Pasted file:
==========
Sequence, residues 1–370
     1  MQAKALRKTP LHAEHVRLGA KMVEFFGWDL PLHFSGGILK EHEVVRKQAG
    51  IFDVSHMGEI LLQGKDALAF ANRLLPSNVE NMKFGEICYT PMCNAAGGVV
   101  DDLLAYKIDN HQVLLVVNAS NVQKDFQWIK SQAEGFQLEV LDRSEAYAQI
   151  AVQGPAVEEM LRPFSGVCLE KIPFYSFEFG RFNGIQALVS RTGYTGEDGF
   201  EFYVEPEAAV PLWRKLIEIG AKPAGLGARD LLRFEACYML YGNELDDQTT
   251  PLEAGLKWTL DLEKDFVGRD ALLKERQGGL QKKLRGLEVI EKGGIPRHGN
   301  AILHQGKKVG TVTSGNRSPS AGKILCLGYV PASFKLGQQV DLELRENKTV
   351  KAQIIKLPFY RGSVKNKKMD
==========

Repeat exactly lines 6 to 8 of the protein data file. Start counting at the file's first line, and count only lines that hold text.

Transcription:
   201  EFYVEPEAAV PLWRKLIEIG AKPAGLGARD LLRFEACYML YGNELDDQTT
   251  PLEAGLKWTL DLEKDFVGRD ALLKERQGGL QKKLRGLEVI EKGGIPRHGN
   301  AILHQGKKVG TVTSGNRSPS AGKILCLGYV PASFKLGQQV DLELRENKTV